Frequently asked Questions
To make things as easy as possible for you, we've collected the most frequently asked questions about the KeyCue app here.
Why does KeyCue fail to work (e.g. after upgrading to Ventura/Big Sur/..)?
Does KeyCue run on Macs with Apple Silicon processors?
Is KeyCue compatible with macOS Ventura?
Is KeyCue compatible with my macOS Version?
Is KeyCue compatible with older system versions?
Can I use KeyCue to type command-"]" on a German keyboard?
How can I change my preferences for KeyCue?
How do I uninstall KeyCue?
- Open the KeyCue settings window
- In Activation, turn "Automatically start at login" off
- Click the Quit button in the bottom left corner
- Delete the KeyCue application
Pressing the command key just brings up a message telling me that I need to change a setting before I can use KeyCue. Why?
The "KeyCue Settings" shortcut does not work. Why?
What is the best procedure to install or update KeyCue?
There is a bug in Mojave’s, Catalina's, Big Sur's and Ventura's handling of application permissions, which can prevent some applications (such as KeyCue) to work properly. Sometimes it can happen that the permissions get lost, although they are selected in the system preferences.
Starting with version 10.0, KeyCue is a Universal Application that runs natively on Apple Silicon processors. Older versions of KeyCue basically work on Apple Silicon processors, but they are slower and require Rosetta. If you have a Mac with an Apple Silicon processor, we therefore highly recommend updating to KeyCue 10.
Yes, in general the current version 10.1 of KeyCue runs on macOS Ventura.
We are in the process of preparing a maintenance release that irons out some small Ventura compatibility issues and will release a beta of KeyCue 10.2 soon. We recommend turning on the "also check for beta versions" in KeyCue Settings -> "About KeyCue", such that you will be informed as soon as we have released the beta.
Monterey/Big Sur: KeyCue 9.10 (KeyCue 10.1 is recommended) or newer
Catalina: KeyCue 9.7 or newer
Mojave: KeyCue 9.1 or newer
For more information, please see our download page.
Yes, we take special care not to leave our long-time users behind. The latest version of KeyCue is compatible with El Capitan, Yosemite, Mavericks, and even OS X versions back to 10.7.
For more information, please see our download page.
You cannot. Unfortunately, some applications have shortcuts that will work only with a US keyboard. The problem is that the developers of these applications did not consider that keyboards for other languages may have other layouts and symbols.
For example, a German keyboard does not have keys labeled with “[” and “]”. If an application uses these characters for menu shortcuts (such as command-"]”), KeyCue will include them in the shortcut table, although you cannot type these shortcuts.
However, you can activate all shortcuts by clicking – even those you cannot type.
When the shortcut table is currently visible, type the "KeyCue Settings" shortcut at the end of the list or click this item. If this does not work, locate the KeyCue application icon in the Finder and double-click it. This will launch KeyCue if it is not yet running; the KeyCue icon will briefly appear on the screen. When KeyCue was already active in the background, double-clicking its icon opens the settings window instead. With KeyCue 8.0 or newer, you can also define a custom trigger for quickly opening the settings window.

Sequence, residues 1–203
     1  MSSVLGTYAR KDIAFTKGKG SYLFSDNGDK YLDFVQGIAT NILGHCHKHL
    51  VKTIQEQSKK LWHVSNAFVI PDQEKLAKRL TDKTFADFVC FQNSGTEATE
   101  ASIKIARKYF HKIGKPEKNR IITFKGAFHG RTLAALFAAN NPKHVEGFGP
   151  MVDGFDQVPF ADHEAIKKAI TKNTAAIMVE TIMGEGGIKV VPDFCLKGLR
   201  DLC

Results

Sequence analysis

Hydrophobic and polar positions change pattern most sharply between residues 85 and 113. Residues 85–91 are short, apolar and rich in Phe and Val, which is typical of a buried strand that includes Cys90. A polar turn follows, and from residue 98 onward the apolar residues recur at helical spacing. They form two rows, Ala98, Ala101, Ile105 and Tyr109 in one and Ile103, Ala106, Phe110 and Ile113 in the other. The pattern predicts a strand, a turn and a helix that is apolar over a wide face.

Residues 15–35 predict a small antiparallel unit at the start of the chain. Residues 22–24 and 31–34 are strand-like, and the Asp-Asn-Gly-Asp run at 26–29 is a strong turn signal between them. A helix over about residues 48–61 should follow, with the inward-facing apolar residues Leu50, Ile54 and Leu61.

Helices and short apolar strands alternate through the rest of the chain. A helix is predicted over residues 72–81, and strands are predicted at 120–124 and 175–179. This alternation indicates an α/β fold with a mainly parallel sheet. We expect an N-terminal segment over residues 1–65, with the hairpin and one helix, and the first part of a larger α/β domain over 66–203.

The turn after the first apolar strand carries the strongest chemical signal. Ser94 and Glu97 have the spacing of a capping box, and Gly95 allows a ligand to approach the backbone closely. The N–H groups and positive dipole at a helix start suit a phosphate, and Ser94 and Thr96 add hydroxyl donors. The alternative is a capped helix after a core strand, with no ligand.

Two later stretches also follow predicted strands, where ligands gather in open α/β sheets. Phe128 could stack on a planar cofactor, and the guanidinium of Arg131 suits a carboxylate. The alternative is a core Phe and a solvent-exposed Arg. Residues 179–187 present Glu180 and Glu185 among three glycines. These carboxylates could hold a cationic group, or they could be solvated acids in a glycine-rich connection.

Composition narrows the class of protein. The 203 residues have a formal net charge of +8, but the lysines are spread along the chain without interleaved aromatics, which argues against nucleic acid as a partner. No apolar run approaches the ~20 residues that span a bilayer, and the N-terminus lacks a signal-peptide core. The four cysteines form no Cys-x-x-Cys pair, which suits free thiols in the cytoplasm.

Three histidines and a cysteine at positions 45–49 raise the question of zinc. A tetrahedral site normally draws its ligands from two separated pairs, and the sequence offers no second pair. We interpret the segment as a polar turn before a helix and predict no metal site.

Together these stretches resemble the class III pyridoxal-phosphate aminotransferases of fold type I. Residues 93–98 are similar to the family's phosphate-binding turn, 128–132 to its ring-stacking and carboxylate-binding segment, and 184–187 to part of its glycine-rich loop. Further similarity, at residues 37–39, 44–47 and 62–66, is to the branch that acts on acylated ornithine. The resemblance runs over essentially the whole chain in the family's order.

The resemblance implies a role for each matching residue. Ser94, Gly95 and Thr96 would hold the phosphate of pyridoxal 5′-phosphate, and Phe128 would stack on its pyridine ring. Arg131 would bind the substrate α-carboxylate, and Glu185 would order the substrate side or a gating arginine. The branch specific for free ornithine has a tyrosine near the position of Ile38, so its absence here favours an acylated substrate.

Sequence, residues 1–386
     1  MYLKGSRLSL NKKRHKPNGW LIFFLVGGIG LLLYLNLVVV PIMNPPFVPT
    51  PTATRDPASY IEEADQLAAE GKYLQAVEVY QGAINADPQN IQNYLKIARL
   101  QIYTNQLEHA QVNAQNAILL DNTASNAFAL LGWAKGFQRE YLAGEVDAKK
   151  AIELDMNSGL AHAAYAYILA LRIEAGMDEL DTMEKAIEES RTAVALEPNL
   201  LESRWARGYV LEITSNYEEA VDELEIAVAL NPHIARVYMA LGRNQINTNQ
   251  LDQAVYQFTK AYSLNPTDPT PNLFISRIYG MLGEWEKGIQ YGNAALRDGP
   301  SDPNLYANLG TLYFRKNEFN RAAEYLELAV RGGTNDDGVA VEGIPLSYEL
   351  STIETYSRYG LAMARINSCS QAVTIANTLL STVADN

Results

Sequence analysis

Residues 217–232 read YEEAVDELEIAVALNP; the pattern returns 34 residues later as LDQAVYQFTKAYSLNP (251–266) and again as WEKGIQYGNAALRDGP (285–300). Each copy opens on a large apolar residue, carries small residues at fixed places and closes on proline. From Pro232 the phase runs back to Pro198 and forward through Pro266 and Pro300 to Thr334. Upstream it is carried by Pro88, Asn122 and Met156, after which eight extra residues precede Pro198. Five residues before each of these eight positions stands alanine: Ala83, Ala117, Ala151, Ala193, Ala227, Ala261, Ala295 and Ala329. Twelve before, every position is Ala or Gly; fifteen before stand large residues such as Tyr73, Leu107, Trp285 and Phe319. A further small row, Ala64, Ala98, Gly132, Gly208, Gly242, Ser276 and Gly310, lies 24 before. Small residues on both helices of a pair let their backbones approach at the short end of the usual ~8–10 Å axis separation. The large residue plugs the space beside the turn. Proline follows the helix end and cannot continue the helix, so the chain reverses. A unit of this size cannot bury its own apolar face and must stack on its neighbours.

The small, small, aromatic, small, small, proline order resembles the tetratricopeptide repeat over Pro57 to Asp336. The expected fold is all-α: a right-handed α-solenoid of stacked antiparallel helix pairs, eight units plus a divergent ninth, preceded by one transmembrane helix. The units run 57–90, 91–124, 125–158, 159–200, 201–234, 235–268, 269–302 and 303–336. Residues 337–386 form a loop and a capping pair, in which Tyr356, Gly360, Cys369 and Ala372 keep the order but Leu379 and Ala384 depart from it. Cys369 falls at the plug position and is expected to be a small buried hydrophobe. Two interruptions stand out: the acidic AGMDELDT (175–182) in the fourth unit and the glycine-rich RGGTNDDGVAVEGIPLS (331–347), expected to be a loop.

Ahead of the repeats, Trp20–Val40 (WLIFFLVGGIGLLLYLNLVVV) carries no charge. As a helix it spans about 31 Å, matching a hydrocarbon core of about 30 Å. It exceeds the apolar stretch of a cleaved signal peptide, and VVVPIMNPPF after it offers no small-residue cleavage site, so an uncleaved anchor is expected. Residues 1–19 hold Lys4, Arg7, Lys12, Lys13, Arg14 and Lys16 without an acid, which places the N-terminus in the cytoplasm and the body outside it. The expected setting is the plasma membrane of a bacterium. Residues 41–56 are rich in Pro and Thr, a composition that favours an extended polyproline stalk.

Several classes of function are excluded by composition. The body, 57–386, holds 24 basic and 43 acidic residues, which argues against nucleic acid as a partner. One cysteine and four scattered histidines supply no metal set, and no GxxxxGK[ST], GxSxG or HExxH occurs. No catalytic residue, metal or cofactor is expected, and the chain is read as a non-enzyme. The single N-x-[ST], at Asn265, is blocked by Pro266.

With KeyCue 8.0 or newer, you can also define a custom trigger fro quickly opening the settings window.
To uninstall KeyCue, perform these steps:
OS X contains an option that allows utility applications like KeyCue to interact with your computer on your behalf. By default, this option is disabled, so you need to turn it on. KeyCue can help you with this: The message window contains a button that opens System Preferences and selects the pane that contains the required option. The actual result depends on the current version of OS X. On Mavericks and newer (including Yosemite), enable KeyCue in the “Accessibility” section; on older versions of OS X, activate the option "Enable access for assistive devices".
By default, KeyCue uses command-option-K as the shortcut for opening the Settings window, but this shortcut is active only as long as the shortcut table is visible on the screen. The reason for this is that KeyCue switches to a different shortcut when command-option-K is already in use by the current application. To see which shortcut opens the Settings window, you therefore must open the shortcut table and type the "KeyCue Settings" shortcut while the shortcut table is visible.
KeyCue uses a "smart self installation" technique that makes installing and updating a breeze. Just mount the downloaded disk image and double-click the KeyCue icon inside. KeyCue will quit an older copy that may be running, copy itself to the Applications folder and launch the newly installed copy. There is no magic involved: You could do all this by hand as well; KeyCue just simplifies and automates the process and gets you up and running in seconds.
Some menus appear with an icon instead of text in the menu bar. For example, the script menus of some applications have a script icon as the menu title. KeyCue currently cannot display the proper symbols and shows a blank menu header instead.
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